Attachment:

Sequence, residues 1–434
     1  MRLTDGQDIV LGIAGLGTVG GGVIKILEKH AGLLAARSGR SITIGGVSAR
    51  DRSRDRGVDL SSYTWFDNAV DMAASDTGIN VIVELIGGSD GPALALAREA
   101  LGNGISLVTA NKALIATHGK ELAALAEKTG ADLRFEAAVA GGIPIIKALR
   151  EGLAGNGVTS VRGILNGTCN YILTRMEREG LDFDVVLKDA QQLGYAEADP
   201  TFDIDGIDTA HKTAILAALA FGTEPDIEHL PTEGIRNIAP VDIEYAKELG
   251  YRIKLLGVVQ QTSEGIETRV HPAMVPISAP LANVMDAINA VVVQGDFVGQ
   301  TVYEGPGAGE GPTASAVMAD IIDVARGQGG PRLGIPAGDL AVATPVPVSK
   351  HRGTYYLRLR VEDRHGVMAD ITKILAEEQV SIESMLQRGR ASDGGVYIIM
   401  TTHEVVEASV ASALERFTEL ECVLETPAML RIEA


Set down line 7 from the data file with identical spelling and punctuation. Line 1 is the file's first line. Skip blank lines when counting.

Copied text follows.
   251  YRIKLLGVVQ QTSEGIETRV HPAMVPISAP LANVMDAINA VVVQGDFVGQ